Skip to content
Join our Newsletter

Opinion: Healthy digestion starts with good food choices

Our body doesn’t know what to do with the high levels of refined sugar, salt and vast amount of chemicals used in modern food production
digestive health getty images
(Getty Images)

Proper digestion is vitally important, as our bodies need the nutrients from food to function properly.  These nutrients include vitamins, minerals, fats, proteins and carbohydrates which are needed by the body for energy, immune function and cell repair.  Proteins break down into amino acids, fats become fatty acids and glycerol, and carbohydrates break down into simple sugars (affecting our blood sugar levels).  Our digestive system breaks these nutrients down into small enough parts for our body to be able to absorb them.

Even though our general health is dependent on the health of our gut, digestion starts much earlier.  It starts, of course, with our food choices. If we choose healthy, whole, gut friendly foods, our bodies know how to digest them and utilize the nutrition appropriately. Unfortunately, much of the North American diet is not healthy and our body doesn’t know what to do with the high levels of refined sugar, salt and vast amount of chemicals used in modern food production and fast food. 

Our digestion is a complex system which includes ingestion and propulsion of food, mechanical and chemical breaking down, absorption and finally elimination through defecation.  Even before we start eating, the sight and smell of food sends messages to our brains which then creates saliva. Hormones and nerves are also part of the digestive process.  Messages continually flow back and forth between our GI tract and our brain.  When the food enters our mouth our taste buds detect what kind of fats, proteins are in the food we are chewing and relays this info to the brain which in turn sends the correct enzymes to our saliva to start the digestive process while we are chewing. The chewing starts the mechanical process of digestion, and the digestive enzymes in our saliva start the chemical process. This is why eating slowing and chewing deliberately is so important. The act of swallowing allows the food to pass into our esophagus and from then on, the digestive process becomes automatic – meaning our brain directs the rest of digestion without any conscious intention. Food passes through the sphincter into the stomach where muscles work to mix the food with digestive juices. From here the mix (chyme) enters the small intestine where muscles mix the food with digestive juices (bile, enzymes and stomach acid) produced by the small intestine, pancreas, gall bladder and liver.  Valuable gut flora bacteria in our gastro-intestinal tract, called microbiome, need to be healthy for digestion to be effective. If this microbiome is thrown off by a bad diet, too much sugar or antibiotics the whole digestive system can be compromised.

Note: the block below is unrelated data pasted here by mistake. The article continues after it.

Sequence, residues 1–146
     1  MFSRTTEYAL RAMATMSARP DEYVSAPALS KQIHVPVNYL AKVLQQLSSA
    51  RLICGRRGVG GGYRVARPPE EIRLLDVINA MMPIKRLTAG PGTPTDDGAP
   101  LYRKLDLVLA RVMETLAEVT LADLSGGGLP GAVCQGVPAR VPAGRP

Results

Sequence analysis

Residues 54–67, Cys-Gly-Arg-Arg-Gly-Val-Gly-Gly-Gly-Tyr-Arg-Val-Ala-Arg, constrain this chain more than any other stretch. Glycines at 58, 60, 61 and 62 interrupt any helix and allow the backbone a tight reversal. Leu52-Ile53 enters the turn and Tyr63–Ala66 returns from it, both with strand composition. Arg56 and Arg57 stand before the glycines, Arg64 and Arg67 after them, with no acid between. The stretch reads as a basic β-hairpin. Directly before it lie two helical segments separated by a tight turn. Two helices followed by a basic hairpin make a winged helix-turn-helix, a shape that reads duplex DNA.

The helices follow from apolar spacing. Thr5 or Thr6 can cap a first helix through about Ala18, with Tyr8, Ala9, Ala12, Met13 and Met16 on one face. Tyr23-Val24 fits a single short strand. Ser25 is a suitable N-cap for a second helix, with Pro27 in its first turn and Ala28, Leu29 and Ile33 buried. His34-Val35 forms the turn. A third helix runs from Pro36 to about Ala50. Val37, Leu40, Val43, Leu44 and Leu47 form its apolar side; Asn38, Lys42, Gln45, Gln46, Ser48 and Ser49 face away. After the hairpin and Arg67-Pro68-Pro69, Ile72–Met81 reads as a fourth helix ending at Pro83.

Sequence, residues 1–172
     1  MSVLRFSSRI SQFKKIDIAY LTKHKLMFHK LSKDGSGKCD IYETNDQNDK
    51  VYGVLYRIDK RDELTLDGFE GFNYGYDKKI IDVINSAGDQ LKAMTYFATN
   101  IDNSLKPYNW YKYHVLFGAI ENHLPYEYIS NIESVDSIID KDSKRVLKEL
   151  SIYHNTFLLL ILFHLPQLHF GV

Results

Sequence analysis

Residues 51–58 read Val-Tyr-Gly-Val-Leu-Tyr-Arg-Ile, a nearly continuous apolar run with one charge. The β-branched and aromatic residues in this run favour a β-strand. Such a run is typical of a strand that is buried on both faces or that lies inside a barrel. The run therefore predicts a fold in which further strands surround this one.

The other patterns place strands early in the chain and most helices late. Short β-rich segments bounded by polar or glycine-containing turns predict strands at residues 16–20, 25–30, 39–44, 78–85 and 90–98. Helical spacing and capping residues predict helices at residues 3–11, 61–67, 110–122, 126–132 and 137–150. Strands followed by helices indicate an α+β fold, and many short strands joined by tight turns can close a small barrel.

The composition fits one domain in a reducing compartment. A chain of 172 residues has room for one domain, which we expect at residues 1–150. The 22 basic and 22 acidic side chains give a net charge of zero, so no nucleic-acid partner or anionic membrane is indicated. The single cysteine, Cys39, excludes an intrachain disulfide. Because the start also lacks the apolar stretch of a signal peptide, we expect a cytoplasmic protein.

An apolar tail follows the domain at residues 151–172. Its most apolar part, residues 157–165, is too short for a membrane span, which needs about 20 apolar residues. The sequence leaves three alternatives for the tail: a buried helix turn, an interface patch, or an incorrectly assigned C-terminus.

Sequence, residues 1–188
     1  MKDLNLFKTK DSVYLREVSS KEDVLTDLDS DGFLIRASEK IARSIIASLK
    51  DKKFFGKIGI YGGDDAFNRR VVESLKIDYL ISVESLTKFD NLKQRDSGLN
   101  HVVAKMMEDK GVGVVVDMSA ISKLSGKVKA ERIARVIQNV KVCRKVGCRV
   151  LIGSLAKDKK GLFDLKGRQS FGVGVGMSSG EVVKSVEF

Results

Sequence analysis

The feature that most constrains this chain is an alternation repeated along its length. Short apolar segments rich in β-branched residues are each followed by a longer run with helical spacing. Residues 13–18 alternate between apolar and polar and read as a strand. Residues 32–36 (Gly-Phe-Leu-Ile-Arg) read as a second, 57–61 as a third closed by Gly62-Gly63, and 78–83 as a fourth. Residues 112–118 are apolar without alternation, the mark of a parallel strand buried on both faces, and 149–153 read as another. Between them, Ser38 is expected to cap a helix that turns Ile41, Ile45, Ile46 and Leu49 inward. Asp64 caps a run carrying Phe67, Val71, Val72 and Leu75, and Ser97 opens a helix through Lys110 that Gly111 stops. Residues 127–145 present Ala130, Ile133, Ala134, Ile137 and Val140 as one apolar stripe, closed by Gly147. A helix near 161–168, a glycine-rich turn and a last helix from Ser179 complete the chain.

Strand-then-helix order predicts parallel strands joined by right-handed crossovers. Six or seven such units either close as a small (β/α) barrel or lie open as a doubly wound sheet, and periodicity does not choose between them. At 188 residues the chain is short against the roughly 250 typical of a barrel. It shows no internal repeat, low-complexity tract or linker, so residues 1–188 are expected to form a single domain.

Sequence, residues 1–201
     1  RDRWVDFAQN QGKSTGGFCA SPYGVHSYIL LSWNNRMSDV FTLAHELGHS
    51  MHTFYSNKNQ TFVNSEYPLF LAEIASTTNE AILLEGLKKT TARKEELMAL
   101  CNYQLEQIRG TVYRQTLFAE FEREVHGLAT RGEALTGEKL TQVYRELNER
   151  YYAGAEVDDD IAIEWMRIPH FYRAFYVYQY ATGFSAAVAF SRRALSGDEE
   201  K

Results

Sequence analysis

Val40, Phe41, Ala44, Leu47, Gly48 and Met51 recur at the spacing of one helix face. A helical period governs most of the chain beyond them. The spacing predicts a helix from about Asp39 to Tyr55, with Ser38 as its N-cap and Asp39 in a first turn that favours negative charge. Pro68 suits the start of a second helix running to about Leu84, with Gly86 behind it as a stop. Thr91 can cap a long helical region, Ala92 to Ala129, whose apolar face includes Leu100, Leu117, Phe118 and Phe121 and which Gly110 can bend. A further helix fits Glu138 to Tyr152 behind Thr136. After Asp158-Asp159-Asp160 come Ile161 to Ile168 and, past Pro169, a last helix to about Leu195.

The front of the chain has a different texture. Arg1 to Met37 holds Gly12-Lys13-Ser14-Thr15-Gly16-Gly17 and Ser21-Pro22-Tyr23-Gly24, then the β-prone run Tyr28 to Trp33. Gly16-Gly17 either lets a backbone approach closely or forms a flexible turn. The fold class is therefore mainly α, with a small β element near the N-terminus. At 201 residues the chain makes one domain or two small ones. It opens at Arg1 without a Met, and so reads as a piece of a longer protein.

The walls of the small intestine absorb water and nutrients from the mix, where it enters our bloodstream to travel throughout our circulatory system to feed our bodies. Our blood carries simple sugars, glycerol, vitamins, minerals, salts and amino acids to the liver where they are processed and stored until these nutrients are needed by the rest of the body.  The waste and left-over undigested food move into the large intestine where the walls of the large intestine absorb water and change this waste from liquid to solid. From here, the solids move into our rectum where they are stored until pushed out of our body during a bowel movement. 

­­­­­­­­­­­­­­­­­­­­Our health is so dependent on a functioning digestive system. And our digestive system can only function properly if we take care of it by eating foods that don’t harm it.  Avoiding sugar, and taking digestive enzymes and probiotics on a regular basis will give the body a boost.  Probiotic foods include sauerkraut, kefir, kombucha, miso and kimchi. It is my belief that we can avoid many of the digestive issues that plague our culture if we have a healthy diet.  We must choose to the right fuel to nourish the vessel we occupy (our bodies), and not take our bodies for granted.        

Claire Nielsen is a health coach, author, public speaker and founder of The information provided in the above article is for educational purposes only and is not a substitute for professional health and medical advice. Please consult a doctor or healthcare provider if you're seeking medical advice, diagnoses and/or treatment.